What does it mean to be a Christian? It has to be more than just living a good life. Blessed Mother Teresa, Sts. John Paul II, Catherine of Siena, Paul, Francis, Augustine – these people are not our heroes because they figured out how to live a heroic life and just did it. Atheists can do that too. Jesus didn’t come to just be our role model and cheer us on to ‘do better.’ He came for something much greater.
Pope Benedict XVI can help us out:
Christ’s entire mission is summed up in this: to baptize us in the Holy Spirit… (Spe Salvi)
This has been the consistent message of the last five popes, going back more than 50 years (see The Urgency of the New Evangelization). Jesus came to give us the Holy Spirit – the very life and love of God. He didn’t come to give us only wise words, a worldview and ways to live by. He came to give us God Himself. He came to fulfill the promise of the Father to “pour out [His] Spirit upon all flesh” (Acts 2:17). For this reason Pope Paul VI stated:
“More than once we have asked ourselves what the greatest needs of the Church are… what is the primary and ultimate need of our beloved and holy Church? We must say it with holy fear because, as you know, this concerns the mystery of the Church, her life: this need is the Spirit… the Church needs her eternal Pentecost; she needs fire in her heart, words on her lips, a glance that is prophetic.” (Pope Paul VI, General Audience, Nov. 29 1972)
What do we need? We need our own personal, perpetual Pentecost. We don’t need to just try really hard to live a good life; we need a life lived in the power of the Holy Spirit. We need the living dynamite of God’s life in our souls. We all need this Pentecost to happen in our lives. That is the teaching of our first pope:
And Peter said to them, “Repent, and be baptized every one of you in the name of Jesus Christ for the forgiveness of your sins; and you shall receive the gift of the Holy Spirit. For the promise [of Pentecost] is to you and to your children and to all that are far off, everyone whom the Lord our God calls to him.” (Acts 2: 38-39; emphasis added)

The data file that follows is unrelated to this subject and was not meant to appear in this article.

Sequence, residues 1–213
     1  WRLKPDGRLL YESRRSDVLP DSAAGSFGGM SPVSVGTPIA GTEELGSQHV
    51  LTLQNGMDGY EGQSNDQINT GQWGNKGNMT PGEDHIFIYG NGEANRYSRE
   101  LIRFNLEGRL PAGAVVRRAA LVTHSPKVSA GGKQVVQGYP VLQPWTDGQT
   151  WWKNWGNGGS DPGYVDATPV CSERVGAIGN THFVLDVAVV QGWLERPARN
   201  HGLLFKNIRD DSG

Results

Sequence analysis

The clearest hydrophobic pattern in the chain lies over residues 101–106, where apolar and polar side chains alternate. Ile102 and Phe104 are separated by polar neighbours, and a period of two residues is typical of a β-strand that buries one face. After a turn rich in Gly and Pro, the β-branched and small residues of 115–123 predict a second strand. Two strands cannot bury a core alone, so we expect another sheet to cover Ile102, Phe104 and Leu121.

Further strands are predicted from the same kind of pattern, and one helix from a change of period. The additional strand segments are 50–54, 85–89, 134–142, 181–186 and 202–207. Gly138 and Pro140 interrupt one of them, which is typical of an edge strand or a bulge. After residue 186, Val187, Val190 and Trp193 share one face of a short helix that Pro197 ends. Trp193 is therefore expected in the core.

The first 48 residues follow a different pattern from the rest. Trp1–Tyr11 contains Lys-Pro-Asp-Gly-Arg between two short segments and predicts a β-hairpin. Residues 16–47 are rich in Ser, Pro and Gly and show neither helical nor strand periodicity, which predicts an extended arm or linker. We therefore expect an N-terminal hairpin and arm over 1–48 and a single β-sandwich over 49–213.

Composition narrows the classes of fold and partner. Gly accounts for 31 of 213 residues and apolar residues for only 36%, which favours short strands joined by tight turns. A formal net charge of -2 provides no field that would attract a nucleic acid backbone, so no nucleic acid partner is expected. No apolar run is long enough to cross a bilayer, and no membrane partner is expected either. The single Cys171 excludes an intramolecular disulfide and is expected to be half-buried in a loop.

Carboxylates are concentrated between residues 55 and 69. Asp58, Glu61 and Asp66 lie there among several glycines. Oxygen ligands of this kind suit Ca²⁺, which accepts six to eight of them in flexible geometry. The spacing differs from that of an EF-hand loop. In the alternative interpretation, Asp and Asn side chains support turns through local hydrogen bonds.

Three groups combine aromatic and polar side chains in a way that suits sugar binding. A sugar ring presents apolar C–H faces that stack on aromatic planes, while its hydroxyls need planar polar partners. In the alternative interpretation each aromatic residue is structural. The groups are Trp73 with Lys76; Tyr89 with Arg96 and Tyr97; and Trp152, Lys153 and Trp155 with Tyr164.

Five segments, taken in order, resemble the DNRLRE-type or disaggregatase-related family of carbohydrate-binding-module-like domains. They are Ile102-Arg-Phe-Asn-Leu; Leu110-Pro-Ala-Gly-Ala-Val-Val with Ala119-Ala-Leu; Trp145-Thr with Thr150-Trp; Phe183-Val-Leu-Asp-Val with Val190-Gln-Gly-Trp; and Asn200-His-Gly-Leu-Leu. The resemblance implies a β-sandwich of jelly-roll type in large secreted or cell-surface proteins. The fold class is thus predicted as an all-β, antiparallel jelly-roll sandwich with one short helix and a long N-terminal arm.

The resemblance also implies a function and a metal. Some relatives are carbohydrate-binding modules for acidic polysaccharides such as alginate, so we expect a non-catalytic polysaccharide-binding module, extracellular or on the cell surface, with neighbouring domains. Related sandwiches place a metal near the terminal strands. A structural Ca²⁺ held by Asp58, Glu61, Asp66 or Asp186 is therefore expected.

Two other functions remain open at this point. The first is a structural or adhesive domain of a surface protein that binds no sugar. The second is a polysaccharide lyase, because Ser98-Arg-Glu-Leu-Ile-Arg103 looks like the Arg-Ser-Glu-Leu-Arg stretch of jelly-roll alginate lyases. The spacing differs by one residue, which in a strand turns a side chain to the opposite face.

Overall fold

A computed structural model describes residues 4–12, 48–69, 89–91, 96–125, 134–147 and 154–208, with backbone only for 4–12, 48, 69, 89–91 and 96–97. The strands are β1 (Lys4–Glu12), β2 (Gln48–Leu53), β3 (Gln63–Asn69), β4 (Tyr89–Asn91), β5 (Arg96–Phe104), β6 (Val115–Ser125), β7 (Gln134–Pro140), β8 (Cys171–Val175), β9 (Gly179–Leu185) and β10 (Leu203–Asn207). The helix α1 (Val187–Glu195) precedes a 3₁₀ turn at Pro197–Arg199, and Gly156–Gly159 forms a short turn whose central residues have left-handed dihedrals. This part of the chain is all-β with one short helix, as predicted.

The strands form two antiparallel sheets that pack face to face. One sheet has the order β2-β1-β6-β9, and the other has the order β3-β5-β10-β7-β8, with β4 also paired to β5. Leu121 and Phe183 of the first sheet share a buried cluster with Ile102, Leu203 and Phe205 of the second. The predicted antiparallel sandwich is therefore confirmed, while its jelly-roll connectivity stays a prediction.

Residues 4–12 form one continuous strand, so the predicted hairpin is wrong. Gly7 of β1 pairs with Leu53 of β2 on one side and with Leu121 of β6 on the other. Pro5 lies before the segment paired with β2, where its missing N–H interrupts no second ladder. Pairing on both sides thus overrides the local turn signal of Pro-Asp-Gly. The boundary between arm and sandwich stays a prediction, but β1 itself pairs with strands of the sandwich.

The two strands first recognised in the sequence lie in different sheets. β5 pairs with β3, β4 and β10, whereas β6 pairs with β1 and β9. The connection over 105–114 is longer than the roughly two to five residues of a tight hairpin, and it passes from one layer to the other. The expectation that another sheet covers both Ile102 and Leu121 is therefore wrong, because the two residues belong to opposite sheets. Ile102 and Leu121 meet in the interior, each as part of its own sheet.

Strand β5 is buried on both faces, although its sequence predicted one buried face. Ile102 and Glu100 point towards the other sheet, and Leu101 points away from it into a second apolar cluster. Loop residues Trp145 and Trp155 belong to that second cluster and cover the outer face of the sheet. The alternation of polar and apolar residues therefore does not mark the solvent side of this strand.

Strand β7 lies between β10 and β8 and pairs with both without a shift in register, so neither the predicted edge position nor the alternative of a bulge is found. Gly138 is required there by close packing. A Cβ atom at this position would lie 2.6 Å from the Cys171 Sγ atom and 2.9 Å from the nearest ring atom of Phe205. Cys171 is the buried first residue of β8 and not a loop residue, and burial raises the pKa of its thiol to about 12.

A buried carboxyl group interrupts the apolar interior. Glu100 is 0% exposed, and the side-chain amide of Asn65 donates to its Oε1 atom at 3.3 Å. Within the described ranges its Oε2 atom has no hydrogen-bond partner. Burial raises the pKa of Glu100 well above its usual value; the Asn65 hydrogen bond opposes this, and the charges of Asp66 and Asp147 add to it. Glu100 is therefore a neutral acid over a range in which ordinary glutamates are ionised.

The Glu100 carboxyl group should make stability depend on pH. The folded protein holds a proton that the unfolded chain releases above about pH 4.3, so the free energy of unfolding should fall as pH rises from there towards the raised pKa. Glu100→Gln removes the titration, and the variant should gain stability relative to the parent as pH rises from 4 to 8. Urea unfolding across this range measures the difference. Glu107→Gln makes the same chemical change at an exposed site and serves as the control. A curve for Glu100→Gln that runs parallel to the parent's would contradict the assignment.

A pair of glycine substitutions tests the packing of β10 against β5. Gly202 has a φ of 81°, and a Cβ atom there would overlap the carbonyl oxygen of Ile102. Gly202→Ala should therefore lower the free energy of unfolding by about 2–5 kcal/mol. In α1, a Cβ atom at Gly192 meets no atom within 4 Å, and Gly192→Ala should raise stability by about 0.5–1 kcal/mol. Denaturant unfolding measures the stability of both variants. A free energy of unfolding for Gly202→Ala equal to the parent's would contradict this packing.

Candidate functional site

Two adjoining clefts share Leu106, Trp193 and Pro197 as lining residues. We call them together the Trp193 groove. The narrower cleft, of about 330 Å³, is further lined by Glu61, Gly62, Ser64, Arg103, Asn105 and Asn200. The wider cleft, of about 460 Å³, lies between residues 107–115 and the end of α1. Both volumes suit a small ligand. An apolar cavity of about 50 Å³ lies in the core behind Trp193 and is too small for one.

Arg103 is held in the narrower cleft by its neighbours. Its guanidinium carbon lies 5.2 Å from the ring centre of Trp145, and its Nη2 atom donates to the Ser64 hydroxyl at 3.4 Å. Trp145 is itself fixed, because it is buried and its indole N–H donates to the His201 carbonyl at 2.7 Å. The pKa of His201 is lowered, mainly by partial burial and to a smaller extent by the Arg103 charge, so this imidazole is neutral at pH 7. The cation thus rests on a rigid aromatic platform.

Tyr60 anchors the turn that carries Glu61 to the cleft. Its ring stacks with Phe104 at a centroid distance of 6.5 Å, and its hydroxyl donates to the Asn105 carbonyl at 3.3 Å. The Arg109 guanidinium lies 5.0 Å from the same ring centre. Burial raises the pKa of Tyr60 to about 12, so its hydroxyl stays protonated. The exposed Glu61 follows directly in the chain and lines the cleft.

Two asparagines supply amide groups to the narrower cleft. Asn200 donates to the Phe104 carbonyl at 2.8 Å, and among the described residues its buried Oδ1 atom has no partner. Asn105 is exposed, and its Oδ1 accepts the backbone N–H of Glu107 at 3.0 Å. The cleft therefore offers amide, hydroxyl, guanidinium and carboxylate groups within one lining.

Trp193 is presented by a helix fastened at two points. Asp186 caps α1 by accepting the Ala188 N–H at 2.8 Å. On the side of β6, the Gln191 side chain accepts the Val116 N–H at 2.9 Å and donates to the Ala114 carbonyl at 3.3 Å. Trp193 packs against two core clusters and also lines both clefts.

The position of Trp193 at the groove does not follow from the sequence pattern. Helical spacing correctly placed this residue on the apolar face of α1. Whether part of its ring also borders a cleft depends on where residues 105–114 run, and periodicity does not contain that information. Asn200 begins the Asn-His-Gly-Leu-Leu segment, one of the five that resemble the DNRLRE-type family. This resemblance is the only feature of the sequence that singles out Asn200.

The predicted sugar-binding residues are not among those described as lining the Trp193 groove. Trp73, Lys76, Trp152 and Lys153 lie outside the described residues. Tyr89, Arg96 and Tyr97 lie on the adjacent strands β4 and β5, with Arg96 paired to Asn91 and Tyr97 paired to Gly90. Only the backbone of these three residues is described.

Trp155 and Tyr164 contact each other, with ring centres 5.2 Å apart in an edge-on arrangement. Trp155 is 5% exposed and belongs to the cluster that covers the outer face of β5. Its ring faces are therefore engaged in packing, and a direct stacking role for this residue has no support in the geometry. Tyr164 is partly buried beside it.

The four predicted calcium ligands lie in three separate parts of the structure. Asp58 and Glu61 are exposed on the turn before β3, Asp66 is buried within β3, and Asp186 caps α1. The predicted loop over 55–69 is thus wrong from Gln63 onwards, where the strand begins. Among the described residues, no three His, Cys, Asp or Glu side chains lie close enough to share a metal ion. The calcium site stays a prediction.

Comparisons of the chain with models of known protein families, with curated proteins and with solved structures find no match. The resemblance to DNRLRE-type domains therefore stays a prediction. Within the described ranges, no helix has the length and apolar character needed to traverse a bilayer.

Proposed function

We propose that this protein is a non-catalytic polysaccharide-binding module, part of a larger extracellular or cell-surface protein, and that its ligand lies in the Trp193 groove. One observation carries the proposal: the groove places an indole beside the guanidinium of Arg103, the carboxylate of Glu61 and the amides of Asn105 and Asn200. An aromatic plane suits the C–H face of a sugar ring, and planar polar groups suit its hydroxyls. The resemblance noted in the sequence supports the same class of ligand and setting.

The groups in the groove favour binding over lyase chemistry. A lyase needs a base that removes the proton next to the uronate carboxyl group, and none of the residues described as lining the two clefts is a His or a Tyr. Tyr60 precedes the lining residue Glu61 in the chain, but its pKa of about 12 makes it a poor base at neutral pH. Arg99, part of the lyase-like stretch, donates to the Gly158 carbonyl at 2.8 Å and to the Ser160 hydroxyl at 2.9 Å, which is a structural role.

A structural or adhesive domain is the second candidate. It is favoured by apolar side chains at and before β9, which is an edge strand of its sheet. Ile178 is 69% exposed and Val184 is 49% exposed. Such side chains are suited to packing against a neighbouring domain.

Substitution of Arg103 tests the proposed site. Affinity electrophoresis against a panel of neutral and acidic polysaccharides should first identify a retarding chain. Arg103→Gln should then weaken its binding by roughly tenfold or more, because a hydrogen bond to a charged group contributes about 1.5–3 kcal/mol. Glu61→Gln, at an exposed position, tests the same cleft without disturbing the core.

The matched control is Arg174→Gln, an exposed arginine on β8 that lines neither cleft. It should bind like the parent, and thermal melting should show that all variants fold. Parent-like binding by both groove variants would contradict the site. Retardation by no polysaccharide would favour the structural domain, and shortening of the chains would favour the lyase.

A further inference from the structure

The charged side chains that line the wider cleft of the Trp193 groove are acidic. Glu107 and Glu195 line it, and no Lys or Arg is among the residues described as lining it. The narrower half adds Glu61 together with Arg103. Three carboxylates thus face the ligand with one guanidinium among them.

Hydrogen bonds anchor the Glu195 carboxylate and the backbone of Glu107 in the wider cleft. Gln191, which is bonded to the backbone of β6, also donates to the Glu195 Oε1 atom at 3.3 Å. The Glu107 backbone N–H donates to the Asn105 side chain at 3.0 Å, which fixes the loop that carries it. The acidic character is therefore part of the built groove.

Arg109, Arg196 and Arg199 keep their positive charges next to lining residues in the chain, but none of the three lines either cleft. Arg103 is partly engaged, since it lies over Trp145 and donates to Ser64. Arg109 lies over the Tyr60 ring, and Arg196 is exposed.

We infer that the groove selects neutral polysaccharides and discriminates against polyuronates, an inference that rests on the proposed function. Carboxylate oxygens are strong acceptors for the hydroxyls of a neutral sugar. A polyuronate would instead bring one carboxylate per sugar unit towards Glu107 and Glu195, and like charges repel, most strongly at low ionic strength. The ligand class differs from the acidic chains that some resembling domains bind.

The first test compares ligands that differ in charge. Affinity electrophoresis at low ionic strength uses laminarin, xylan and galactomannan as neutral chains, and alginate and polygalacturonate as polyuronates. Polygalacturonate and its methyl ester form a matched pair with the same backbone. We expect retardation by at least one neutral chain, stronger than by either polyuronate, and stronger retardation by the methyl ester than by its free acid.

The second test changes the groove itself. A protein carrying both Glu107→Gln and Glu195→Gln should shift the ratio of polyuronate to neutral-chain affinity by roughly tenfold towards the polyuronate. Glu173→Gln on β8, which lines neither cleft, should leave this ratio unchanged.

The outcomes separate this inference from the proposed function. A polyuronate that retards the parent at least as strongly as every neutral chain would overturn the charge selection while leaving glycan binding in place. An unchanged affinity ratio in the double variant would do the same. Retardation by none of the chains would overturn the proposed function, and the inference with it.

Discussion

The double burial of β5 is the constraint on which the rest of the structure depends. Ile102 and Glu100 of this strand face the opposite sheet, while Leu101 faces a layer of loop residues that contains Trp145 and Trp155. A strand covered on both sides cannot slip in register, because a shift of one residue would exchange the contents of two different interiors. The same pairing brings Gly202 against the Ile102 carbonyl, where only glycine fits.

This was the first message of the pontificate of our first pope and this message continues into our own time. Look at Pope Francis whose first gesture as pope was to ask everyone to “pray over him,” and who continues to show us that a life lived in the Spirit is the way to live a Christian life.
That footage (here is another beautiful moment) is taken from the 37th National Convention of Renewal in the Holy Spirit recently held in Rome, which Pope Francis didn’t need an invitation to attend – he insisted on coming. There he gave an address in which he said:
I expect from you that you share with all, in the Church, the grace of Baptism in the Holy Spirit.
That’s clear enough, huh? Though, granted, this probably makes many people uncomfortable.
Be not afraid! Why wouldn’t be want everything God has to give – especially if He gives Himself? He gives us what we need and we need more of Him. Let’s trust that our Father is the giver of good gifts.
Let’s open ourselves up to the life-altering, life-deepening, life-purifying power of the Holy Spirit. If we haven’t experienced the power of Pentecost for ourselves, let us ask God for this grace – that His Holy Spirit might enflame us and pour into our hearts. Peter Kreeft, as always, may have the last word here:
Let us pray: Come Holy Spirit!